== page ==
With the French elections yesterday, I — along with many others — have noticed a rush to lay the loss of the Socialist candidate at her own feet, to deflect the public rejection from the movement and solely on to the candidate.
That got me thinking about our own elections, and how we treat losing candidates.
The Republicans, as a general rule, honor those who fight the good fight, but fall short. Bob Dole was never considered a pariah. The first President Bush was respected after he lost to Bill Clinton, Ford was admired enough to briefly be considered Reagan’s running mate in 1980. Nixon, of course, was an aberration, as he didn’t lose but resigned.
The Democrats, though, turn on their nominees and revile them for the losses. John Kerry is a virtual pariah today. Al Gore spent his time in the wilderness until he re-discovered his Inner Granola. Michael Dukakis and Walter Mondale became national jokes, and Jimmy Carter was a political leper for years. Ted Kennedy was an exception, like Nixon, but Ted Kennedy is a special case anyway.
And then there’s Joe Lieberman, who was a good-enough Democrat to serve as the vice-presidential nominee in 2000, but was laughed off the stage when he ran for president in 2004, and drummed out of the party two years later.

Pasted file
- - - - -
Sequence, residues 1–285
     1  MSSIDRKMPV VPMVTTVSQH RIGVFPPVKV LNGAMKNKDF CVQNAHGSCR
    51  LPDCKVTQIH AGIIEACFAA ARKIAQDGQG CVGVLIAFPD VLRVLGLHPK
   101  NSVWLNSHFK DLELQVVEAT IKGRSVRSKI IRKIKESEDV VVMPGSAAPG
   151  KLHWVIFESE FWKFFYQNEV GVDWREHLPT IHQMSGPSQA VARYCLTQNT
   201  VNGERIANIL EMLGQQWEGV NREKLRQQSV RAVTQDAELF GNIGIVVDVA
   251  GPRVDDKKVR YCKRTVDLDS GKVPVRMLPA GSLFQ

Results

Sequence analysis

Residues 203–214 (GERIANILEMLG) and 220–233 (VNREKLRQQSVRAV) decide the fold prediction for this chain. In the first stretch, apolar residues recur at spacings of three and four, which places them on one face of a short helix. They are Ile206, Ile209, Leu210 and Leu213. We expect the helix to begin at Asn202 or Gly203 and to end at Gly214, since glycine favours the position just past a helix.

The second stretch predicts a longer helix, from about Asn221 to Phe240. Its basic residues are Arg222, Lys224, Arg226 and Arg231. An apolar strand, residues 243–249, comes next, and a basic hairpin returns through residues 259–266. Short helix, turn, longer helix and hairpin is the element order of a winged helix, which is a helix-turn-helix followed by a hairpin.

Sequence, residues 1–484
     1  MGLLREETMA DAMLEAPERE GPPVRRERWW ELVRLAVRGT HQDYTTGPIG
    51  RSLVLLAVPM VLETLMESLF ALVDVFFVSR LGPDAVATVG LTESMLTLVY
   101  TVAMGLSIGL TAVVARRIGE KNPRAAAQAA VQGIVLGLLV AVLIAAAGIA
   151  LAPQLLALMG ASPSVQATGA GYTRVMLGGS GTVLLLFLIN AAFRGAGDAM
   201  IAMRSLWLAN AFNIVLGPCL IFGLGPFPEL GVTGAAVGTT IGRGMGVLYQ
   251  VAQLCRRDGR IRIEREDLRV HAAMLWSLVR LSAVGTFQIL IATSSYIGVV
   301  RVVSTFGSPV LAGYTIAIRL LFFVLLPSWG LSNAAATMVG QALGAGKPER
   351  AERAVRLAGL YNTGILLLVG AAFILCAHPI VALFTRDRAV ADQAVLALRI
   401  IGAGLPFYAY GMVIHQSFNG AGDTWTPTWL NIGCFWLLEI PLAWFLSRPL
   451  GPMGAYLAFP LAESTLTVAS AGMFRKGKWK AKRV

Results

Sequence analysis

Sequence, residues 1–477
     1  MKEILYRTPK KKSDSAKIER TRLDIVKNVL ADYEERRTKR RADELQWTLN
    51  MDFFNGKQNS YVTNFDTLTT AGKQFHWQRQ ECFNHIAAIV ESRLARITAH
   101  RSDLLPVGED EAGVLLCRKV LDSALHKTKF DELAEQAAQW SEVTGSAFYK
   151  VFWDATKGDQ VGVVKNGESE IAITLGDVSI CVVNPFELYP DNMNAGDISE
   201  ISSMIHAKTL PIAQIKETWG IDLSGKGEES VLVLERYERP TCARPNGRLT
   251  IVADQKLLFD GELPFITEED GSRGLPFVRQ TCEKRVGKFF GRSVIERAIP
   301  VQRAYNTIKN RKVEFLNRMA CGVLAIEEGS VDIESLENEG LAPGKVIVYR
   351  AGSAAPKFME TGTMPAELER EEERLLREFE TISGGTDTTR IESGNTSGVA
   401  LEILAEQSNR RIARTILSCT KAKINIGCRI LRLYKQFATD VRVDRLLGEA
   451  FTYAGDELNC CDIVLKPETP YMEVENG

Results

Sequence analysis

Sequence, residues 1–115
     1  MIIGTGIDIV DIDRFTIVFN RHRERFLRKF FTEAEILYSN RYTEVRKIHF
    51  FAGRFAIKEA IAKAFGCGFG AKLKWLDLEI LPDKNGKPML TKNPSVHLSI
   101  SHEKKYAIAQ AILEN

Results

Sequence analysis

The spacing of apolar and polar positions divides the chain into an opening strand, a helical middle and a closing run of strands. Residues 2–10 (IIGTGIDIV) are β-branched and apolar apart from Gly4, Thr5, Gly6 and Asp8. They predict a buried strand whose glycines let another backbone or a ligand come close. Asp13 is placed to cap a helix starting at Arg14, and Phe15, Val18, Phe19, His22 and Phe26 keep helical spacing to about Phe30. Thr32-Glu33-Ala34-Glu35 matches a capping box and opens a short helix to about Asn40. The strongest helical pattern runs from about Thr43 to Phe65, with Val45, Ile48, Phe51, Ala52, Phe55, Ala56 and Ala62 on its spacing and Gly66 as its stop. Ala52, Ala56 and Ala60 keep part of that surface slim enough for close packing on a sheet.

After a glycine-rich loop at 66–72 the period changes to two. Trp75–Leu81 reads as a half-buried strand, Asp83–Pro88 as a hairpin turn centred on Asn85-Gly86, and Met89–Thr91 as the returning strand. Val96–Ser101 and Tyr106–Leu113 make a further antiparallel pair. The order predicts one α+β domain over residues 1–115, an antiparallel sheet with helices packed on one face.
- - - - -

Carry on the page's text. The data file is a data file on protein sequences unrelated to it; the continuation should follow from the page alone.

There’s a case to be made for the Democratic approach. It’s almost Spartan — “return with your shield or on it.” This weekend, I watched “Patton” again, and in the legendary opening speech, he declares that “Americans love a winner — and will not tolerate a loser.”
But I don’t think that it’s overly healthy. It demonstrates a certain lack of loyalty, of fidelity, of maturity. It’s like the old stories about Nazis and Soviets in World War II — where those who retreated were shot, where failure was a capital offense.
And it certainly ought to give the Democrats running for the presidency pause. If they win the primary, they can count on their party to rally behind them for the general election. But if they lose, they can count on that support turning into a lynch mob.